Om describes a new service offered by a company called GrandCentral. Previously they had announced a free voice-mail service for homeless. The new service is an extension of this service to the general public with some “premium” call routing features.
First a short description of the service: as part of subscription, the user is given a telephone number; the user can set up rules on how to dispose an incoming call like routing to another number or to forward to the voicemail. If the call is routed to another phone number, then there will be a per minute charge; but terminating the call to the voice mail is free. The basic subscription is free and comes with 100 minutes; additional minutes can be purchased in buckets.
An initial skeptic, Om is now positively impressed with the feature set, like “barge-in”. That is good, but he takes a dig at Rebtel. I take the opposite position. Rebtel smartly makes both the legs of the calls to be incoming. In contrast, GC takes an incoming call and makes it into an outgoing call and extracts money from its users. They could have imitated Rebtel methodology and eliminate the need to subscribe to minutes bundle.
Finally, Om wants us to weigh in the prospects of GC. If GC et. al. do establish the need for such a service, then there will be a consumer device that will do the same thing, but will cost less than 3 months subscription charged by GC.
I am sure you know how Rebtel works: For $1 a week, you get two numbers, one local to your calling area and another local to your designated buddy. When one of you want to call the other, that person will dial their local number allocated by Rebtel; in turn Rebtel will ring the other person's phone number. The called party can hangup within 30 seconds and dial their local access number allocated by Rebtel to be connected to the buddy and they can talk for free as long as they desire. One can easily infer the business model. Some time back Alec had pointed out that it costs about $1 per month to rent a telephone number. Since Rebtel's charge amounts to $4 a month for two phone numbers, there is a clear profit in just allocating the phone numbers. But the beuaty of the scheme is in recognizing that the two legs are incoming calls to Rebtel, unlike Jajah where it makes two outgoing calls. This way, Rebtel not only incurs any charges but can look forward to additional revenue in the form of settlement charges.
But Jeff had suggested after a trip that Rebtel is more than the obvious “mobile arbitrage pay”. He doesn't give any more clues – to be more accurate I didn't pick anything else, till this morning. Andy points to a story in B2.0 that claims that Rebtel is funded to the tune of $20 millon. Of course, they do not require this kind of money to execute the publically announced service. It is for those that are “going on under the hood that meets the eye”, as Jeff puts it. So the question is what could they be. Andy quotes his pal Sanjay jaawar of Bridgeport Networks. So this must be something to do with IMS.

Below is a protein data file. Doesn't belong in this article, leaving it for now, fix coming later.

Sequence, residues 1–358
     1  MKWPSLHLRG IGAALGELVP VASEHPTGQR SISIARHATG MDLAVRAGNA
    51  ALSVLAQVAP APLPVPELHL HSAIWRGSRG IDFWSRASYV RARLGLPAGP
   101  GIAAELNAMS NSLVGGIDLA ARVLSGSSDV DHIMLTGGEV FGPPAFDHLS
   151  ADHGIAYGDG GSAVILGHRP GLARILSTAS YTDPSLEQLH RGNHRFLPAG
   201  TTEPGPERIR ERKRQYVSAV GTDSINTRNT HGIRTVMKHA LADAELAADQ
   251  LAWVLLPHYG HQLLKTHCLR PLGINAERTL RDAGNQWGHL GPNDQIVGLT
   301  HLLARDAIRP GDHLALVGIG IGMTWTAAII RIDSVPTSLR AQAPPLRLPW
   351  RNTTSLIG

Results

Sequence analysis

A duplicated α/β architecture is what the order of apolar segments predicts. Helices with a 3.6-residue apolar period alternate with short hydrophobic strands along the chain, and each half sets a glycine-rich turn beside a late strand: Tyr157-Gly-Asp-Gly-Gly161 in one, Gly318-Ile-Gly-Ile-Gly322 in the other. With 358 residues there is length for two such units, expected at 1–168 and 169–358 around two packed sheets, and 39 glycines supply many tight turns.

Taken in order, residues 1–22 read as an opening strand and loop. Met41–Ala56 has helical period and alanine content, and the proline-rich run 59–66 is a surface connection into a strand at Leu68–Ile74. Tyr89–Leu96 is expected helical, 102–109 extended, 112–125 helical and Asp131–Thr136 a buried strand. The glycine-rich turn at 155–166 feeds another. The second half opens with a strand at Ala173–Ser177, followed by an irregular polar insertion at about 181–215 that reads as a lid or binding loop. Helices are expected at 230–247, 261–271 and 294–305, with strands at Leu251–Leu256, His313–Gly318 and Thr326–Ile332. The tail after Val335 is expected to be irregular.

Now for some nitpicks. I don't agree with Andy's characterization that Rebtel is like Mint Telecom. As far as I understand, Mint makes an outgoing call to the far end – it is not made up of two incoming calls. So they have to levy a per minute charge to their customers. Also Rebtel can further simplfy the user experience and extend the service. But I don't think that is what they are focusing on right now.
Om discusses the news item that Cablecos are adding VoIP lines at a brisk speed. Predictably Martin points out that cablecos service is no different than PSTN. Previously I had suggested we have to use a more clearly stated definition for VoIP. Cablecos don't call their service VoIP when it suits them; Earthlink/Covad claims their service is VoIP. So here is my submission:
1. (obvious one) Based on IP; 2. Uses a message oriented signalling; 3. (many will flunk this one) Allows for use of at least one wideband codec; 4. (NCP based cableco service will not qualify this one; even many SIP based systems fail due to greedy business plans) Allows for an "intelligent" end-point (simple litmus test - Call waiting is not a feature; service provider does not determine the "line" is busy).
By the way, Martin's requirement that enabling "3rd party apps and features" is derived from the last one.